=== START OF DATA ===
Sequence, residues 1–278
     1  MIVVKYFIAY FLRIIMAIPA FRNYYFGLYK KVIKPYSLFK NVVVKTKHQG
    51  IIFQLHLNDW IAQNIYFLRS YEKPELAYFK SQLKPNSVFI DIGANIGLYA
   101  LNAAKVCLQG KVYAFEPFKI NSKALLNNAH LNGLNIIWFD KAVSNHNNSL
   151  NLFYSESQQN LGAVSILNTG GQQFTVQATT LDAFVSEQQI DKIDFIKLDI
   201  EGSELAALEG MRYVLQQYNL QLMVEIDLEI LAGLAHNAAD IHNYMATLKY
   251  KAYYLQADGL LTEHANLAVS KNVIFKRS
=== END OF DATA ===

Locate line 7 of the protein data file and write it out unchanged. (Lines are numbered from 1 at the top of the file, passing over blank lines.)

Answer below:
   251  KAYYLQADGL LTEHANLAVS KNVIFKRS